Robin Hood (Universal Pictures, PG-13)

It simply doesn’t feel like a movie about Robin Hood, no matter how many familiar names we hear.


The legend of Robin Hood is well-loved for many reasons. In one package you get a love story, a cool outlaw/anti-hero to root for, and the promise of medieval ass-kicking action. But anyone taking a trip to the theater for Robin’s latest incarnation should know that this Robin Hood is not like the others.

Robin (Russell Crowe) may still have his Marion (Cate Blanchett) and traipse around Nottingham while the sheriff tries to collect his high taxes, but that is so not the point of this movie. This Robin Hood is an origin story and, as such, we get lots of exposition, lots of talking, lots of historical plot lines, and very little good, old-fashioned Robin Hood hijinks.

Now, I’m not saying the movie isn’t well acted, directed or written, and I’m not saying it’s not good. The unfortunate truth, though, is that it simply doesn’t feel like a movie about Robin Hood, no matter how many familiar names we hear. Rather, it comes across as an above-average historical drama—not a bad thing, but certainly not what I was expecting.

First off, there’s way too much going on in this movie. We’ve got a war with France and France’s retaliation, warring factions within England, a king being betrayed by one of his men, tax collections running rampant, and a wild band of thieving children, to name a few plot lines. As you might imagine, all this activity takes away from the supposed main point of the film: the legend of Robin Hood.

To quote a guy who sat behind me in the preview, “Wow, there was no stealing from the rich and giving to the poor in this thing at all.” And, save for one ten-minute scene where Robin and his men take measures to keep the people of Nottingham from starvation, he was totally right. The best part of the Robin Hood story is largely left out. I think what most people connect to in the tale is the idea that wealth brought by ill-gotten gains or the abuse of common folk can (and will) be taken away and given to someone more deserving (i.e., you and me).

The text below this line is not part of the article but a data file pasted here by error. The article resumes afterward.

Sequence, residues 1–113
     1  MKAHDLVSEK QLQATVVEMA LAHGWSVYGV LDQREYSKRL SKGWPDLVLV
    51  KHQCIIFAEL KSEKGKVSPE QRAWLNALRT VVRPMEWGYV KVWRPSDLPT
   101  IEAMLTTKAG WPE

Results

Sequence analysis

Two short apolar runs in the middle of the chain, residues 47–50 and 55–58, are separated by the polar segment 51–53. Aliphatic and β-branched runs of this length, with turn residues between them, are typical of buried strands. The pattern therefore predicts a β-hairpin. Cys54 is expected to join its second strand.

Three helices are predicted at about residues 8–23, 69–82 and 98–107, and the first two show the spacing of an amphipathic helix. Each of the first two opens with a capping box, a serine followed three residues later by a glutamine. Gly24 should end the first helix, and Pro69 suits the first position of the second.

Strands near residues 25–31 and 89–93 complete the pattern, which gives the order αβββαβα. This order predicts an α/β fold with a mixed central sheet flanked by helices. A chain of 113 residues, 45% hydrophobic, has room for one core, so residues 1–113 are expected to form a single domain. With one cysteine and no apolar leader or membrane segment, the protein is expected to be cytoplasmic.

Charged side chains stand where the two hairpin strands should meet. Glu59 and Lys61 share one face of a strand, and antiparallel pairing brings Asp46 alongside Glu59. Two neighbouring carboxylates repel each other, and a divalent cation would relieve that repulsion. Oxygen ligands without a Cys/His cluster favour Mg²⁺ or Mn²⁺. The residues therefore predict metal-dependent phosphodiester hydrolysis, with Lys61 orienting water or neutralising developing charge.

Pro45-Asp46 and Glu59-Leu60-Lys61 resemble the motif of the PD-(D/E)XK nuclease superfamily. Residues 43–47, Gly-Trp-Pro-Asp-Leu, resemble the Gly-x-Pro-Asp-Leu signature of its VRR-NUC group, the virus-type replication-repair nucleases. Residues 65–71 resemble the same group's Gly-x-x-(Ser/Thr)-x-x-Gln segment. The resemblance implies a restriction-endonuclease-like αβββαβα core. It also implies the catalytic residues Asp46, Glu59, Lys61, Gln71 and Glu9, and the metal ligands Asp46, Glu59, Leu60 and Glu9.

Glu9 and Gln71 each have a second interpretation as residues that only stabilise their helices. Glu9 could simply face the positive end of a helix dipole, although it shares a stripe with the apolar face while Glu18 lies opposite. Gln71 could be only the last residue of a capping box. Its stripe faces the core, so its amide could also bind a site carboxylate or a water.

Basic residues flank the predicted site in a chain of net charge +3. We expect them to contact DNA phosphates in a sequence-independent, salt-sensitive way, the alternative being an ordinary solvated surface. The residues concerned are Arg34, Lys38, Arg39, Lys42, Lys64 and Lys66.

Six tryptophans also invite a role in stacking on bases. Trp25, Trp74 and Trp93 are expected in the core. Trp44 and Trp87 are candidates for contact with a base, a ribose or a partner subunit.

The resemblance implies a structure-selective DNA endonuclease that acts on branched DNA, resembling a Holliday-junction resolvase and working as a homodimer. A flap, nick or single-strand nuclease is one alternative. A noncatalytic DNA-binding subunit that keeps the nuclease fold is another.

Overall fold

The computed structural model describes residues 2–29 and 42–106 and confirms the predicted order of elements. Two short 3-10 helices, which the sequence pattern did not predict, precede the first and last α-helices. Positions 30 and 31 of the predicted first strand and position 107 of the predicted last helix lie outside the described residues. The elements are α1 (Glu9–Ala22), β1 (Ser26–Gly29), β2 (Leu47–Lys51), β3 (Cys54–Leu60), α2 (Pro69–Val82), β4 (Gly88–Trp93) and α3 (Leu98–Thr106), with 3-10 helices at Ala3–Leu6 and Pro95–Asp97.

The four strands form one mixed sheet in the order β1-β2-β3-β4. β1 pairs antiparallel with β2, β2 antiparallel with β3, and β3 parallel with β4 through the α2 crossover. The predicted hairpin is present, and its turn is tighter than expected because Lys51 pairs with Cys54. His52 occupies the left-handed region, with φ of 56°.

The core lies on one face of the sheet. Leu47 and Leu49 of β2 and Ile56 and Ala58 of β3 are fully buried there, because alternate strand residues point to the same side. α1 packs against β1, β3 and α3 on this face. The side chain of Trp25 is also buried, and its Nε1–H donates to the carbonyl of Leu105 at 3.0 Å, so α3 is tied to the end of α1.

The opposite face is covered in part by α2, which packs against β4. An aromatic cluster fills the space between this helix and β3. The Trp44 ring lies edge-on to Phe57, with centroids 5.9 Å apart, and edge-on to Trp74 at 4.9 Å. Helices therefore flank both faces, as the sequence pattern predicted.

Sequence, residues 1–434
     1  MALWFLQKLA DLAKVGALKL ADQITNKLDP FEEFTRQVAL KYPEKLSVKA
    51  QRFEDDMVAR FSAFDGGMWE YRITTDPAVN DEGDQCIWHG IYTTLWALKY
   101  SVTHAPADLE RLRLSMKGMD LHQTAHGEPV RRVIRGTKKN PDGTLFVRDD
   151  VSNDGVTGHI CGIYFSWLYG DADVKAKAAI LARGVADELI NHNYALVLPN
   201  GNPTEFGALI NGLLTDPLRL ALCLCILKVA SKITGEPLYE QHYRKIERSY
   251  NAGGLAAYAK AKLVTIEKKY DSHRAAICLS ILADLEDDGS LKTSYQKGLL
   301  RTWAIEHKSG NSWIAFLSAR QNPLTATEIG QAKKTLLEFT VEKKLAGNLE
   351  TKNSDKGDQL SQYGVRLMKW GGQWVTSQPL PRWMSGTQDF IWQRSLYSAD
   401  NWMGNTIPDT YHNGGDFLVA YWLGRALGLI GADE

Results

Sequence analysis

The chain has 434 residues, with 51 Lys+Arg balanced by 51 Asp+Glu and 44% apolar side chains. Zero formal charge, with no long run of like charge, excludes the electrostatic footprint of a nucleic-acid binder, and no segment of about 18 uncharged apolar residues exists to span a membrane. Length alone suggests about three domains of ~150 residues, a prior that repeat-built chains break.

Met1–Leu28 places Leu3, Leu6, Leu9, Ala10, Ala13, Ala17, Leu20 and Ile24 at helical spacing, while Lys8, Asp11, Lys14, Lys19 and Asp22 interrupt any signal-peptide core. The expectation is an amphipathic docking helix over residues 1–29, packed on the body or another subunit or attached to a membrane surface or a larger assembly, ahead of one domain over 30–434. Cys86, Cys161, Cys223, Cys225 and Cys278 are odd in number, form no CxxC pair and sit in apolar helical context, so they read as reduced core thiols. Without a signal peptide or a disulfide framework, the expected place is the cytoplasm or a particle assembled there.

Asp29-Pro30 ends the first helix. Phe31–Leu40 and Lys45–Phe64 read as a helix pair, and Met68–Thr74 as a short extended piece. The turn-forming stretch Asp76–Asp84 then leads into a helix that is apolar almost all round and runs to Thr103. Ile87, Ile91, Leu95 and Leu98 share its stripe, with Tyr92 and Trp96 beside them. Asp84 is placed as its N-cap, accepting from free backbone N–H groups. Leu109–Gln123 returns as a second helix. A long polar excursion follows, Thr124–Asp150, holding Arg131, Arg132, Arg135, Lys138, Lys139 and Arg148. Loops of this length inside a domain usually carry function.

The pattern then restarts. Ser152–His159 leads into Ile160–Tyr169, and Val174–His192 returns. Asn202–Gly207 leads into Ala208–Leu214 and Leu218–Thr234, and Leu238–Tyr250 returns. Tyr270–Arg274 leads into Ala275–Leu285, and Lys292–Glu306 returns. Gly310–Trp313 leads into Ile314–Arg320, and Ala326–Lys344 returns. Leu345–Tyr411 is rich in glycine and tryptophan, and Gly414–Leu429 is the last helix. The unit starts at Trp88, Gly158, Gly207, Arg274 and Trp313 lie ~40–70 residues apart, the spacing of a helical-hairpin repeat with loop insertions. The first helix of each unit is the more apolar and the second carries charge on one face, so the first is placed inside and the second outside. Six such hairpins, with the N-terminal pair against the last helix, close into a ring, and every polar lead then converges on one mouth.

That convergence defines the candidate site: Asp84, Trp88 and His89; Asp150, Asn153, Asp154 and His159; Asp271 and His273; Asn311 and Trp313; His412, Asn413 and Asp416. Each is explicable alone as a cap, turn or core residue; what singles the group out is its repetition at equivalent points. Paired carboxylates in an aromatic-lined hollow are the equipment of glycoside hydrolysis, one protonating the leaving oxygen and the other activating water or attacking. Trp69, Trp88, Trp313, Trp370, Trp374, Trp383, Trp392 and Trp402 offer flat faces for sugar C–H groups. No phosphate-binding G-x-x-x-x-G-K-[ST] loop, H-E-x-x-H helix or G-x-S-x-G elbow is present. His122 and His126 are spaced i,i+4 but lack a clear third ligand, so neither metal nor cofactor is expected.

The filmmakers abandoned the predominant tenet of the Robin Hood saga for historical drama and, in the process, sucked out much of the fun. We never get to watch the underdog win, because there is no underdog here. The main battles are between England and France, not Robin and the Sheriff of Nottingham (who, just so you know, barely shows up).

At the end of the film, we get the perfect set-up for a sequel that would be a more traditional telling of Robin Hood, but if the audience comes away from this origin story feeling cheated, we may not get one. | Adrienne Jones

Be the first to comment

Leave a Reply